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Loren Schoenberg -- Writings

Jazz U.K. Column - June 1999

In 1939, Trummy Young sang "It T'ain't What You Do, It's The Way That You Do It", and this philosophy has been expounded upon by such critics as Max Harrison, Martin Williams and Stanley Crouch, all of whom have drawn trenchant analogies between jazz and other art forms. While reading Peter Bogdanovich's recent book, "Who The Devil Made It", a fascinating compendium of interviews with 16 veteran Hollywood directors, I was struck by the similarity of their observations with those of jazz musicians. More than one filmmaker said that improvisation was important to their success in that they were able to see the potential in a seeming mistake and to let it take the scene in a previously unthought of direction. Most of them were already active while the great pioneer of the medium's aesthetic potential, D.W. Griffith, was making his greatest strides in the years surrounding World War I. Thanks to Bogdanovich, and the team of Kevin Brownlow and David Gill - much of their precious testimony that would otherwise have been largely gone with the wind has been preserved and published.

The reason for this digression is twofold - firstly, the realization that as this century comes to a close, those of us in the jazz world still have the opportunity to seek out the musicians who played with the men who created jazz as we know it today. While the great majority of jazz's first generation are gone, Benny Carter, Lionel Hampton, Milt Hinton and Benny Waters are still gracing bandstands and concert stages, and are generally accessible to those seriously interested in the music. Who better to ask about Louis Armstrong, Sidney Bechet, James P. Johnson and Duke Ellington, and what the rules of the game were then than these men?

It is not only the historically minded among us who should go out of our way to encounter these musicians, indeed it is the younger players and fans who would have the most to benefit from such a cross-generational confabulation. Contrary to most of the jazz textbooks and the philosophy of the great majority of so-called "jazz education", which betray an underlying intolerance of earlier jazz styles in terms of their viability to the present day improviser, players who came to maturity before the advent of Charlie Parker were not the musical equivalents of hunter-gatherers, whose only use was to mark an evolutionary guidepost on the way to the civilized maturity of be-bop.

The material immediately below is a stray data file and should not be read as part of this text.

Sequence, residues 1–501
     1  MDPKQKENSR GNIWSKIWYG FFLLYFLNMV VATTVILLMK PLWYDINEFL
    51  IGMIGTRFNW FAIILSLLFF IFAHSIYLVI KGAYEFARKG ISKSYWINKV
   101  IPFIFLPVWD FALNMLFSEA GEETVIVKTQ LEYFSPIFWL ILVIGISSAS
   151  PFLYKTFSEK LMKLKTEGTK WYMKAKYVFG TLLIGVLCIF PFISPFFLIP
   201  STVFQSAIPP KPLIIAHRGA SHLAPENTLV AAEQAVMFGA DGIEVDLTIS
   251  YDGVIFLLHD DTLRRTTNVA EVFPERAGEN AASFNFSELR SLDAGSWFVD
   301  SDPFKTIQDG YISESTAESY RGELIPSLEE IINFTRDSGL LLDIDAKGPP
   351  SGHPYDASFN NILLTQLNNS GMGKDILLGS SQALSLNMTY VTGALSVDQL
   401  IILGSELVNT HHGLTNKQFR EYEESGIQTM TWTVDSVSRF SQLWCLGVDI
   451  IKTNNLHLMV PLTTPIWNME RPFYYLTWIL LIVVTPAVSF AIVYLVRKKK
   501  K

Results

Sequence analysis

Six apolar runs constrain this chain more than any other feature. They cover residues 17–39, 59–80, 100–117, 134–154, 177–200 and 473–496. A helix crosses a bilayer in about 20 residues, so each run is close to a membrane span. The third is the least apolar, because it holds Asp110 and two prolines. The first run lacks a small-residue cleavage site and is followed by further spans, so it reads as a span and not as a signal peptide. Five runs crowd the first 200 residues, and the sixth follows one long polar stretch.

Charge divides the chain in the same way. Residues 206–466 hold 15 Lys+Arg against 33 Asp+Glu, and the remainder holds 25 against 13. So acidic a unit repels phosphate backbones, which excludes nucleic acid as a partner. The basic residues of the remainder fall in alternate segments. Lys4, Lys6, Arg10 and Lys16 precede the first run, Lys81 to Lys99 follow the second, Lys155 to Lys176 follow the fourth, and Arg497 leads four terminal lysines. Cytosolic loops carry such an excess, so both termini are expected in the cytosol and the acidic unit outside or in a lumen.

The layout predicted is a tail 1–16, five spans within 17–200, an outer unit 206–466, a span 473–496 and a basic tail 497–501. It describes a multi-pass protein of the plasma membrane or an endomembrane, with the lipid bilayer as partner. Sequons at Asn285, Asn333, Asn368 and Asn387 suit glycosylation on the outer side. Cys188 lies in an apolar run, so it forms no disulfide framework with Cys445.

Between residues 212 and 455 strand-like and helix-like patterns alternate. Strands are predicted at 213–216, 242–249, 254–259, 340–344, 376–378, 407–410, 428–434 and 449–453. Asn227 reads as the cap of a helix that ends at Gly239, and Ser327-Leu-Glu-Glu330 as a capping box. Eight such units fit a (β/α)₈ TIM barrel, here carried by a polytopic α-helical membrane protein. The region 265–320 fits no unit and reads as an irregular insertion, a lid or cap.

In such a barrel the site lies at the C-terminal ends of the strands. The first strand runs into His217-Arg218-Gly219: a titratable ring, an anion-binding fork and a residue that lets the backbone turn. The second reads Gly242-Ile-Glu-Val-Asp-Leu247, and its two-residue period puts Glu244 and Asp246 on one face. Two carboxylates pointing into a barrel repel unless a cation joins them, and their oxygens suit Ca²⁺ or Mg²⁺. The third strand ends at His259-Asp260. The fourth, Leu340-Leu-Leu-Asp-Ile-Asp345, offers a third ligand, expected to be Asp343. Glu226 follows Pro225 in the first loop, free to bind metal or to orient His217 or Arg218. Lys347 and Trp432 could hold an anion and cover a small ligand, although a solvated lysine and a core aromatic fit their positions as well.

If this rhetoric seems a tad heavy, it is because there have been too many performances by these masters where younger players were absent in the extreme. Then there is the next generation of musicians, who were professionals in the '30s: Bob Haggart, Johnny Williams, Al Casey and Jerry Jerome. They are followed by Hank Jones, Ruby Braff, Ray Brown, Louis Bellson, Milt Jackson, Flip Phillips and John Lewis, all of whom are willing to share their wisdom, and shatter any grand illusions about the halcyon days of jazz.

Secondly, there are many similarities between the evolution of the cinema and of jazz, which happened concurrently. The mastery of the two-reeler and the 78 r.p.m. disc have many parallels - and certainly much jazz in these modern times could benefit from the concision of the old Laurel and Hardy shorts, or the combination of humor and pathos to be found in John Ford's best work.

Those who think that jazz started with John Coltrane, (much less Bird ‘n Diz) are hereby urged to find their way to wherever these wise men are, and if any help is needed in starting a conversation with them after the introductory pleasantries, to prove that you weren't born yesterday, try: "Tell me about Big Sid Catlett!"

 

 

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